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by Nick Dinicola

6 Sep 2013


This post contains spoilers for The Swapper.

The Swapper is a puzzle game about clones that uses its mechanics to fuel a story that explores the psychological and societal ramifications of cloning. It compares and contrasts these ramifications with two very different societies: human society and a society of psychically linked alien rocks.

Continuing with the thoughts from my previous post, Theseus is a mining station in deep space, cut off from earth, and that separation is painful. As individuals, we still rely on large groups for survival. Our individuality does not make us self-sufficient.

by Nick Dinicola

30 Aug 2013


The Swapper is fairly straightforward puzzle game: You use a special gun to create clones of yourself, and you use those clones to hit switches and open doors. Mechanically, it conforms to the typical tropes of sidescrollers and puzzles games. Narratively, however, it asks a question few games do. What if these mechanics were real? The Swapper uses its clone puzzles to fuel a meditation on individuality from both a personal and societal perspective.

by Nick Dinicola

23 Aug 2013


Grinding is supposed to be annoying. It is supposed to force the player to perform a menial task over and over again in order to afford some arbitrarily expensive thing. Sometimes we grind for experience to level up, sometimes we grind for gold to buy stuff, sometimes we grind for rare items, or sometimes we grind out side quests for that 100% completion statistic. The time that it takes to grind out these dubious achievements isn’t really a factor in why grinding is annoying. Even random battles in Half Minute Hero get boring and they only last a few seconds each. It’s the repetition that gets to you. Grinding isn’t supposed to be fun. That’s why it’s called “grinding,” a word that evokes a sense of slow, eroding destruction. If it was fun, could it still be considered grinding?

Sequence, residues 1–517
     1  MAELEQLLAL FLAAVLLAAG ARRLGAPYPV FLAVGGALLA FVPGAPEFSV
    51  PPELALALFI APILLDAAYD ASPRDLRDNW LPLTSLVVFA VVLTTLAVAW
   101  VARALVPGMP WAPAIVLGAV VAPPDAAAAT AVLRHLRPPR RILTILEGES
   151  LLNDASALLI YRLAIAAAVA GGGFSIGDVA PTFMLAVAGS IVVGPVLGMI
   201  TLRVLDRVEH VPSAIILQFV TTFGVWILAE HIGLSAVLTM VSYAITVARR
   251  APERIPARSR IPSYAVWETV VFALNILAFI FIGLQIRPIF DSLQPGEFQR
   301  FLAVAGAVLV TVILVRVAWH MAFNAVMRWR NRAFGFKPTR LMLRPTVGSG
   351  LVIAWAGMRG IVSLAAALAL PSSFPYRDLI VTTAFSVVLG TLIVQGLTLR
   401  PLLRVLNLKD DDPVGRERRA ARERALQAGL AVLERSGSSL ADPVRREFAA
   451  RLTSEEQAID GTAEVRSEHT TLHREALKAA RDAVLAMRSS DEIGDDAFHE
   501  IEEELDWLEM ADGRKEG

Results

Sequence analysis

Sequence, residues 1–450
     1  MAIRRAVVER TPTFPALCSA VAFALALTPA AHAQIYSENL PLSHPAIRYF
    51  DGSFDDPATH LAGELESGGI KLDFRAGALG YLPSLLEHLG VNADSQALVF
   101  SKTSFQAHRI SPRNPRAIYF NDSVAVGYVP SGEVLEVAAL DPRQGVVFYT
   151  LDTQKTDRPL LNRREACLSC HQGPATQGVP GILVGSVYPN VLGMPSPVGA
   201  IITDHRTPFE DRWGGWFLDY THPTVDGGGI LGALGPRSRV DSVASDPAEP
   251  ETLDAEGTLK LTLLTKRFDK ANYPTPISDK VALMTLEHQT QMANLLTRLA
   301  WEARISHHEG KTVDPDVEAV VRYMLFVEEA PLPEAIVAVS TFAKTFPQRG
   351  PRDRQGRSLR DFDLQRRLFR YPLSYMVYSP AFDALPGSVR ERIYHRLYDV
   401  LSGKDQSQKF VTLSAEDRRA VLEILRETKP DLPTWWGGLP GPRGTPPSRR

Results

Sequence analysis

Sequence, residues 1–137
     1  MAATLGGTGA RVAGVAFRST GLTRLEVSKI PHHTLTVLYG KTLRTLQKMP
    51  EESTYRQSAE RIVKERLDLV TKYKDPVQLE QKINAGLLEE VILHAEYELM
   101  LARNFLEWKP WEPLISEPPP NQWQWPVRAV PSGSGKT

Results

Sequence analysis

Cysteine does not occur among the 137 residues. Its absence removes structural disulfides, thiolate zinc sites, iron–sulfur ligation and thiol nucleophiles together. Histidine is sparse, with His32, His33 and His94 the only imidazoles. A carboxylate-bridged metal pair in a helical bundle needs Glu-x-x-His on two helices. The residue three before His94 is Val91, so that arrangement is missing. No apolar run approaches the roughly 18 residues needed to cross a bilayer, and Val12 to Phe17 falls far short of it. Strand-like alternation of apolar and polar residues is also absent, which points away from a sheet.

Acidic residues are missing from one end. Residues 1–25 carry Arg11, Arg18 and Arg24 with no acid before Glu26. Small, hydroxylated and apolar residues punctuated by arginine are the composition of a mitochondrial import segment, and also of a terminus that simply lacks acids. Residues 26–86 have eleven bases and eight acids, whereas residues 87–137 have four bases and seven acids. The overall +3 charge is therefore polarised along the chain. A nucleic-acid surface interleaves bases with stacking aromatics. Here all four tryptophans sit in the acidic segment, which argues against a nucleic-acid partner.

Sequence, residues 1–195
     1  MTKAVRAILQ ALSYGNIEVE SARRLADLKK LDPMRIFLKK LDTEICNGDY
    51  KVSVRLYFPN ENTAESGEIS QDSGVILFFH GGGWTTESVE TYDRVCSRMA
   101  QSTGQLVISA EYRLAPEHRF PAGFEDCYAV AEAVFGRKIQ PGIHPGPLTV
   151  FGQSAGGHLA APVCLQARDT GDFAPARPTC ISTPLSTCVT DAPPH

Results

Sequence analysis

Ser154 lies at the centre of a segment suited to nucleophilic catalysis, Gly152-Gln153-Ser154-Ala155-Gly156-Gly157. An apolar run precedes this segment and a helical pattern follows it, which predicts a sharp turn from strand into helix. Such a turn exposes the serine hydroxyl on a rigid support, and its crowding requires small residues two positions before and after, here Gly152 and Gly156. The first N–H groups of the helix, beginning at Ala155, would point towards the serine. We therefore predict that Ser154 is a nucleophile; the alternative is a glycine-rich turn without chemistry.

by Nick Dinicola

16 Aug 2013


When I was playing Telltale’s The Walking Dead, I was so invested in the plight of Lee and Clementine that every choice felt intensely personal. So personal that I was unable to go back and replay the game. Making any other choice just seemed wrong, like a betrayal of the character and myself. It’s good that Lee and Clem are nowhere to be seen in 400 Days (unless that brief flash of a photo on the billboard of a girl with a backpack and hat was in fact Clem) because it allows me to forge a different kind of relationship with the game.

by Nick Dinicola

9 Aug 2013


The story is usually considered the most important part of a Silent Hill game, yet I’ve largely ignored the story of Downpour in my last two posts about the game. That’s not because it’s bad, but because the story really deserves its own post since it’s just as smart and subversive as the combat and level design.

//Mixed media
//Blogs

'Doctor Who': Casting a Woman as the Doctor Offers Fresh Perspectives and a New Kind of Role Model

// Channel Surfing

"The BBC's announcement of Jodie Whittaker as the first female Doctor has sections of fandom up in arms. Why all the fuss?

READ the article